Soudi teaches linguistics at Pitt and described himself as “an African, Arab, Muslim immigrant living in southwestern Pennsylvania post-9/11,” who despite facing “various forms of discrimination,” loves raising his children in this “wonderful city.”

Murtazashvili, a professor at Pitt’s Graduate School of Public & International Affairs and founding director of the Center for Governance and Markets, said the program was necessitated by her Squirrel Hill upbringing, bat mitzvah at Tree of Life Congregation and the 2018 synagogue shooting.

“I don’t want to lose this community,” she said. “I lost that sense of safety that I had at Tree of Life, but I don’t want to lose all of you.”

Throughout the afternoon, attendees discussed compassion, empathy and fear.

Emiola Oriola, Pitt’s inaugural director for the Office of Inclusion & Belonging, said working at an academic institution fosters an insatiable quest for knowledge, but instead of offering quick responses, educators should exhibit humility.

Having compassion means “slow ourselves down and really place ourselves in other people’s situations, perspectives and emotions, allow things to unfold without having snap reactions and snap judgments,” he said.

Still, what happens when someone says, “They hate you, or not even that they hate you but that they want to kill you? Where does compassion come in?” one participant asked.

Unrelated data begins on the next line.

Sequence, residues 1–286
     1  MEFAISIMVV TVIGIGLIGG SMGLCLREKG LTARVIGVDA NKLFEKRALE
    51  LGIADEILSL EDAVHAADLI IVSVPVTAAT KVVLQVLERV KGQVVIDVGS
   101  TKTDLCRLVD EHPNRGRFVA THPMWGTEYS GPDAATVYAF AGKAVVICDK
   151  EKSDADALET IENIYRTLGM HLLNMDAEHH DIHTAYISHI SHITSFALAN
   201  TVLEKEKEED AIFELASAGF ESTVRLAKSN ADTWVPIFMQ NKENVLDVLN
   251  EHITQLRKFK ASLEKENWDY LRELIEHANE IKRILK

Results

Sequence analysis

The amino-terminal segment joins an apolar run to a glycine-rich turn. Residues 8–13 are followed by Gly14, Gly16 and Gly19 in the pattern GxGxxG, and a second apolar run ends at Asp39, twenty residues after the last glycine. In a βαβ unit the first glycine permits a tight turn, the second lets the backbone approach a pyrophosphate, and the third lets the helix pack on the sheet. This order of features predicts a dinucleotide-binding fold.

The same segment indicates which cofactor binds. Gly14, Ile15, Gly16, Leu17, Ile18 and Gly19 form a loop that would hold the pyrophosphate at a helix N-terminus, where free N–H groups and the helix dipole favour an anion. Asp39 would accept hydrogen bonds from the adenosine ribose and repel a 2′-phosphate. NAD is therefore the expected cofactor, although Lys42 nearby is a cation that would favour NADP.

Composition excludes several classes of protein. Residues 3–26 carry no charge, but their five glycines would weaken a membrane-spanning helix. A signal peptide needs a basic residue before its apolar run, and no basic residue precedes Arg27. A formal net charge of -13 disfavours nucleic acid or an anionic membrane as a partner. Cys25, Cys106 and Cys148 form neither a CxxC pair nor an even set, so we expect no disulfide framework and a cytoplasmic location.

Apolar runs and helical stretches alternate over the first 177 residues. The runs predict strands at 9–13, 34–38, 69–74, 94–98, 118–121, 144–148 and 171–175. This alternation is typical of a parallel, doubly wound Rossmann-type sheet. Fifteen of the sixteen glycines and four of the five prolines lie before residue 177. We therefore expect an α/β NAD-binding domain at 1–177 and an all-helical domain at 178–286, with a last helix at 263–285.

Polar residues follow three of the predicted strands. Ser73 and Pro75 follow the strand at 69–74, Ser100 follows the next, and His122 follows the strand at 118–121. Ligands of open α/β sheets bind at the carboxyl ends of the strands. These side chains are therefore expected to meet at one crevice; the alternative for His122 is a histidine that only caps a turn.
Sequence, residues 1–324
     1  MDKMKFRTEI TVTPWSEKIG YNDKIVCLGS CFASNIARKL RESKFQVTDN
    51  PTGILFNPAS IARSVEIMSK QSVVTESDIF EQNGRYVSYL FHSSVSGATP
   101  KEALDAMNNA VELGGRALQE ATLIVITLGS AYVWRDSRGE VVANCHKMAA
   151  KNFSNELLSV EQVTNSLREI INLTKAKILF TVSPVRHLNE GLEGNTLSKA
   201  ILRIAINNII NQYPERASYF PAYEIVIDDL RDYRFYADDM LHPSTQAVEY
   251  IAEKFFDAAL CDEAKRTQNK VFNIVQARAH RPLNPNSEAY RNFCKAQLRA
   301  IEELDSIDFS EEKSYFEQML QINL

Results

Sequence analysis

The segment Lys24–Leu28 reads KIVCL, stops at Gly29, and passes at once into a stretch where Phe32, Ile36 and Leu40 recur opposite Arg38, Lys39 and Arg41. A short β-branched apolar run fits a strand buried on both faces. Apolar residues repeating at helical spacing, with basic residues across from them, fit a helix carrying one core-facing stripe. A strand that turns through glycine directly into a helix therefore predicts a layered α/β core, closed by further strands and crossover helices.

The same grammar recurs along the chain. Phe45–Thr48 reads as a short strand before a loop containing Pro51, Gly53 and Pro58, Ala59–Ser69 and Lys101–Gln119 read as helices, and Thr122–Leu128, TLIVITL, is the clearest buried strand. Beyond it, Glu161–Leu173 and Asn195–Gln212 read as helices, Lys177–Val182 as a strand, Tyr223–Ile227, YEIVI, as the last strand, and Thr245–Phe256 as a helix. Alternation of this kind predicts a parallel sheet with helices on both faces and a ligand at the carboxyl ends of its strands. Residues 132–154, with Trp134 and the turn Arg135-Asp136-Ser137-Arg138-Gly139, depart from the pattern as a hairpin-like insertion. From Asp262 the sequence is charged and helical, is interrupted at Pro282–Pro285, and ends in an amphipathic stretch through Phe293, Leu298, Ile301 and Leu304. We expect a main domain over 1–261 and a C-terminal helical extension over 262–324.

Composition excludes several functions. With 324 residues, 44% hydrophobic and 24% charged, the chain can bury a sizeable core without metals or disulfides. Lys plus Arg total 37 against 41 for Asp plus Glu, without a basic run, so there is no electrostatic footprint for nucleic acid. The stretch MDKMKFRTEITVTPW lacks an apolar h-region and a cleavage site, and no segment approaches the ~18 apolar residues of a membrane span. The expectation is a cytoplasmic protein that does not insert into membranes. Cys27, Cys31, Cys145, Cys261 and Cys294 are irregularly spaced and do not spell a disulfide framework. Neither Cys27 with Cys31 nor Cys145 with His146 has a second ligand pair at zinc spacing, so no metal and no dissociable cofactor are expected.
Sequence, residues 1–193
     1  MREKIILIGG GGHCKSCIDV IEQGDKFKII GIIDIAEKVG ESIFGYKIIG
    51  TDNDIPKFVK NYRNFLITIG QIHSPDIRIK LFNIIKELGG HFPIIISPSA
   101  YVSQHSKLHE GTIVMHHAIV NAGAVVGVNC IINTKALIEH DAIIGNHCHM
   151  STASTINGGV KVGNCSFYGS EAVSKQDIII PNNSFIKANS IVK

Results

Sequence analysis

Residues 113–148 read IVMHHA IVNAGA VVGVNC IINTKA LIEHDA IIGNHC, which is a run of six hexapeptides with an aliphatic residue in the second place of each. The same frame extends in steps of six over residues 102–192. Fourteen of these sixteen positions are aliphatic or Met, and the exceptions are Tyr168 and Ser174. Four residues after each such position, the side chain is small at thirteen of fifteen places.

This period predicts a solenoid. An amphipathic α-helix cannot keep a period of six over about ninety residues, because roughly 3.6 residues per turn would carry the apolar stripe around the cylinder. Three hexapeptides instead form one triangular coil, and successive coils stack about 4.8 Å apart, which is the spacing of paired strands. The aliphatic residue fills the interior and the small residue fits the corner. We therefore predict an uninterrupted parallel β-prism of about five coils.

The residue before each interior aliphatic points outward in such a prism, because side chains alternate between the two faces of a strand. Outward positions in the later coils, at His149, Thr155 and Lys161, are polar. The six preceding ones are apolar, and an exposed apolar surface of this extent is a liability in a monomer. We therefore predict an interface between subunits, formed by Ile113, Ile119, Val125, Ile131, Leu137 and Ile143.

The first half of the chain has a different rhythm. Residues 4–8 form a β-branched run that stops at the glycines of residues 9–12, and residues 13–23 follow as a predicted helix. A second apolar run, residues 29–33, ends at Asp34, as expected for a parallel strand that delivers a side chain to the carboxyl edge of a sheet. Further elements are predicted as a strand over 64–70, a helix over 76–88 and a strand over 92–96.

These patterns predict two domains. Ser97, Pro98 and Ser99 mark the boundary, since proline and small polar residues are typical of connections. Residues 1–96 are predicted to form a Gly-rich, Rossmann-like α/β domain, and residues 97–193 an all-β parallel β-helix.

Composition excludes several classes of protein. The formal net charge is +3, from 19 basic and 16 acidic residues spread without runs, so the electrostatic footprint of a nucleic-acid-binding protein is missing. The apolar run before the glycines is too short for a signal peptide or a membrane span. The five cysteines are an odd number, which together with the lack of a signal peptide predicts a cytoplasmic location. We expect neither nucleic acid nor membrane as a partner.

“This question gets to the heart of why we have social science, it gets to the heart of why we do so much of what we do,” Murtazashvili replied. “Evil is not going away. Evil is part of our world and is part of our lives.”

Considering Nazi Germany, and recognizing that those atrocities were not committed by only one person, is helpful.

“People got swept up in ideas. People got swept up in ideology. People got swept up in emotion. People got swept up in blame, scapegoating, rather than looking at themselves in the mirror,” Murtazashvili said. “It didn’t have to be like that.”

While she acknowledged that hatred will not disappear, “how we deal with it, how we confront it, how our neighbors confront that hatred, how we see each other, is so important.”

For students, faculty and staff, the optimal tactic is simply standing together as “the Pitt community,” Adam Leibovich, dean of Pitt’s Dietrich School of Arts and Sciences and College of General Studies, said.

“It’s easy to gather when we’re celebrating,” he continued, “but I think it is even more important for us to gather when we’re struggling, when people are hurting or uncertain.”

There are obvious challenges to coalescence, given the ease of judging others based on accents, origins or characteristics; still, the remedy to present ills was articulated 80 years ago by Antoine de Saint-Exupéry, Soudi said.

Included in Saint-Exupéry’s “The Little Prince” are the words: “It is only with the heart that one can see rightly; what is essential is invisible to the eyes.”

That’s the key, Soudi said: “You have to invest in people. You need to know them. Discover that treasure, that hidden treasure. That’s the point.” PJC

Adam Reinherz can be reached at areinherz@pittsburghjewishchronicle.org.